How will this year's cold spring impact wildlife during autumn?
Judith Garforth, 24/06/2021
A cold spring
The weather this spring (March-May) has been variable, but overall, quite cold. The March UK average temperature was actually slightly above average (0.9°C above the 30-year average 1981-2010), but April was colder than March (1.7°C below average). April was also a very dry month (the fourth driest April since 1862) and a sunny month too (the sunniest April since 1919). The clear skies during April resulted in many overnight frosts. May so far has also been noticeably cool, but in stark contrast to April, a very wet month.
How does spring weather affect wildlife during the autumn?
The spring months are important for the development of our trees and shrubs. It’s when the buds burst, the leaves grow and the flowers bloom.
The timing of these developments is largely influenced by spring temperatures, but once the flowers are open they need to be pollinated, and successful pollination also depends on the weather. Wind pollinated flowers, such as oak flowers, favour dry warm conditions to allow the pollen to travel through the air. Insect pollinated flowers such as hawthorn are also affected by rainfall as there are fewer insects about when it’s raining so less opportunity for the flowers to be visited and pollinated.
Because only pollinated tree flowers turn into fruits in autumn, the weather in spring determines how much food is available for wildlife in autumn, and therefore how easy it is for wildlife to survive through the winter.
Although we’ve not received all the spring 2021 records yet, we’ve had a look at the data so far to see what impact the cold spring has had on some of our trees and shrubs and what the likely impact will be on wildlife this autumn.
Oak budburst is defined as the date when the bud scales burst to reveal the colour of the new green leaves underneath. This year the provisional UK average date for budburst is 19 April, 4 days later than the long-term average (2001-2020). The provisional UK average date for first leaf (the date when the first leaves are fully open and recognisably the shape, if not the full size, of the adult leaves) is 24 April, 3 days later than the long-term average. It looks like leaf development has been slightly delayed by the cold weather in April.
Oak trees usually start flowering from the end of April to mid-May. Oak flowers are wind pollinated, and with the wet weather we’ve had this May we might expect acorn yields to be lower this autumn due to poor pollination conditions this spring. It’s likely to be a big contrast to autumn 2020 when there seemed to be a bumper crop of acorns which were seen carpeting the floor in many areas. We’ll have to wait and see.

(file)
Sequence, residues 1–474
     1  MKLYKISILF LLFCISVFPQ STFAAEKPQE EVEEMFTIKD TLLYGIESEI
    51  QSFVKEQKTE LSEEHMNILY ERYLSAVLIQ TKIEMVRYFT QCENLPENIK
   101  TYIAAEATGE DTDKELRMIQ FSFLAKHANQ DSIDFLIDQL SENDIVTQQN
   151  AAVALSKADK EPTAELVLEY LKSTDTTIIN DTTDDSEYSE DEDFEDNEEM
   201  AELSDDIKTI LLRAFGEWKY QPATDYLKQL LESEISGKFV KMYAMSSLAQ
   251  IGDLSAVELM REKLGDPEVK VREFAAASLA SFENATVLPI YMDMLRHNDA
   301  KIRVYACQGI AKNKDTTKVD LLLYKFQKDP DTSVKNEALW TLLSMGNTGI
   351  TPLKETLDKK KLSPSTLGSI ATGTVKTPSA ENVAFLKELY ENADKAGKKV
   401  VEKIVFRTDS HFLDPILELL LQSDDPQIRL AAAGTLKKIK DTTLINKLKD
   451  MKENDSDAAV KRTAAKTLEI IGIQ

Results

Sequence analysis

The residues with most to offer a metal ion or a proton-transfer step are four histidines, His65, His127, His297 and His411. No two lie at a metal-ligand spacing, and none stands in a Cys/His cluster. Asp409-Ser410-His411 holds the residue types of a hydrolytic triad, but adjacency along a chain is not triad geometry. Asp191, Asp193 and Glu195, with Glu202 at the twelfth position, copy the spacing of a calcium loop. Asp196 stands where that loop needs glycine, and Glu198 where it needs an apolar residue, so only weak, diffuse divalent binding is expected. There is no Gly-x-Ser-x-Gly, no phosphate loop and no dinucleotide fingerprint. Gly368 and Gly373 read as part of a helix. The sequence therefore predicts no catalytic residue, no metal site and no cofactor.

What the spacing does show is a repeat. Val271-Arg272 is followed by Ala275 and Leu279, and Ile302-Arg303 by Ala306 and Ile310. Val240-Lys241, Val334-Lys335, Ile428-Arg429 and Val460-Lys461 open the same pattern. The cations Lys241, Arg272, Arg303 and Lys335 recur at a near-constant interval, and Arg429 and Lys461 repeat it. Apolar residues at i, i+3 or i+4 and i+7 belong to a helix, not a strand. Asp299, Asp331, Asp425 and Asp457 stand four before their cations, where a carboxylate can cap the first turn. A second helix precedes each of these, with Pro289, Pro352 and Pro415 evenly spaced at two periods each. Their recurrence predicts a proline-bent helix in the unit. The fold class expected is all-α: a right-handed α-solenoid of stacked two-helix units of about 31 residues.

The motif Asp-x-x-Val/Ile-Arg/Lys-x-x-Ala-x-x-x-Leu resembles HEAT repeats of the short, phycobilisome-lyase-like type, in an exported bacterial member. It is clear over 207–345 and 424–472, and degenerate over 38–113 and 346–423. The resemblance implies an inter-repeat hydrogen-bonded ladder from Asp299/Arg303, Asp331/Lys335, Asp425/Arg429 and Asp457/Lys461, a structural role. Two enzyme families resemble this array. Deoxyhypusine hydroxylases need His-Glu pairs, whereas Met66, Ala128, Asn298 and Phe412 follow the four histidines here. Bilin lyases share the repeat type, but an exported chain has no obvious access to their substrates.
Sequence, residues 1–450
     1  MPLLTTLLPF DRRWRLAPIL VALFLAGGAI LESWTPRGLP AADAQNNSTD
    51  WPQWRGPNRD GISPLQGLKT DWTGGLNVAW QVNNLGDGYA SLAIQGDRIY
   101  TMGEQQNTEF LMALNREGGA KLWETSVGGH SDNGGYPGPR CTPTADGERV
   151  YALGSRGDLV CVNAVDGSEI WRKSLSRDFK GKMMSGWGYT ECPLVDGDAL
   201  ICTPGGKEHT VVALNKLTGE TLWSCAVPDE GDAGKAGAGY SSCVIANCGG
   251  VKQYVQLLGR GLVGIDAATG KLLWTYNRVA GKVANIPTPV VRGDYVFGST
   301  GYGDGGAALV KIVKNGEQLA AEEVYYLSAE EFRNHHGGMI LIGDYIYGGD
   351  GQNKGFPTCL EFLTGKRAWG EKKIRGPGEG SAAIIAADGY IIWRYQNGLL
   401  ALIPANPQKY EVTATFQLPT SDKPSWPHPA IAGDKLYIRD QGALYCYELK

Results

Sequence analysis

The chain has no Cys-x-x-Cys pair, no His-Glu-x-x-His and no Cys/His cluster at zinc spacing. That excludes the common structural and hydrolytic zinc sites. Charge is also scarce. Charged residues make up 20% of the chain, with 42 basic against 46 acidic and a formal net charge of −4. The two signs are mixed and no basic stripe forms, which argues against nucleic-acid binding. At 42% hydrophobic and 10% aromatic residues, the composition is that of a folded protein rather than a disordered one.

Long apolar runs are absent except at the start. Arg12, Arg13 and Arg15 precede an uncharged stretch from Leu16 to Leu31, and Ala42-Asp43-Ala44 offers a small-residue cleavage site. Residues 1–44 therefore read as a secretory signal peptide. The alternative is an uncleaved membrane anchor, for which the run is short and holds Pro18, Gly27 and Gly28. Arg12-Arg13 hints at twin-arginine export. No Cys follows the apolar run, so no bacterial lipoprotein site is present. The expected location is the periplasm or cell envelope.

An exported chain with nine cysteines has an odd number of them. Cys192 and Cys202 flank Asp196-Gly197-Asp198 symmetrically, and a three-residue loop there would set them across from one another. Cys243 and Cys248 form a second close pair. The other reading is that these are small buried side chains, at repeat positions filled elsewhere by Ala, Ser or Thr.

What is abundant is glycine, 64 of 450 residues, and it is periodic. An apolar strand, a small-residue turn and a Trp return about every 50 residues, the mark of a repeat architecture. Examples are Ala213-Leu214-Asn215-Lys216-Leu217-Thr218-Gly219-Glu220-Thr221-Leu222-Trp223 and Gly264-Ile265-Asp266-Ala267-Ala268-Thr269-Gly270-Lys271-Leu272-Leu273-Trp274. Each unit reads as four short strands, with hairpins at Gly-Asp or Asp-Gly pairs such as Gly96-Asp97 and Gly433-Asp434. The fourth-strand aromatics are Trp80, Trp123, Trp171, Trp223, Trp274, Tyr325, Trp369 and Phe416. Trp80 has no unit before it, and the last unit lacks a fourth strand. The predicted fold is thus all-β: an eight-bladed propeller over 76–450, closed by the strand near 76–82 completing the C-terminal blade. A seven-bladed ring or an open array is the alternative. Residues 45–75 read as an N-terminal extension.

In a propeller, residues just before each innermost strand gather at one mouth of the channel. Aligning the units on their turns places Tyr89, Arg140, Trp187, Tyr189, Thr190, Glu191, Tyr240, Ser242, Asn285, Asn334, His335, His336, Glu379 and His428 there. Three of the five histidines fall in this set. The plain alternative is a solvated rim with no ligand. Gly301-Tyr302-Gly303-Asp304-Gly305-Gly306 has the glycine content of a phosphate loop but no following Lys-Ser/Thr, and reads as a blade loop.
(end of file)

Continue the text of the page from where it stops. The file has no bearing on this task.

You can help us monitor the acorn crop this autumn. Record the date of first ripe fruit when you see the acorns start to fall naturally from the tree and also the amount of acorns on your local tree. It’s an indicator of winter food availability for birds and mammals (acorns are an important food source for squirrels, jays, mice and badgers) as well as the seed source available for natural regeneration of new oak trees.
Hawthorn develops its leaves earlier in the year than oak, usually from Feb-March. This spring it looks like leaf development had occurred before the cold weather in April and May. The provisional UK average dates for budburst and first leaf in 2021 are actually 4 and 2 days earlier than the 20-year average.
Flowering however, happens later in the season, usually in May. In fact hawthorn is known as May flower for this reason. Our 20-year average date for first flowering (when the petals of the first individual flower in a cluster are open sufficiently for you to see inside the flower) is 30 April. The provisional average for 2021 is 4 May, 4 days later. This is likely due to the cold weather in April and is in contrast to spring 2020 when first flowering was much earlier (23 April).
Hawthorn flowers are insect pollinated, and only the pollinated flowers develop into fruits (haws) in autumn. The rainy weather during May is likely to have hindered pollination this spring due to poor flying conditions for insects, and this could impact the autumn fruit yield. The haws are a food source for birds such as redwings, fieldfares and thrushes as well as small mammals. Help us to record the haw crop this autumn.
Our 20-year average first flowering date for elder is 21 May but we’ve received very few records so far this spring, suggesting that flowering is going to be later than average this year. Let us know when elder starts to flower in your area. With warmer, drier weather forecast in June, there’s hope for good pollination conditions for elder flowers and good news for dormice and small mammals that eat the elder berries in autumn.
Help us track the impact of the cold spring, and wet weather during May on wildlife this autumn.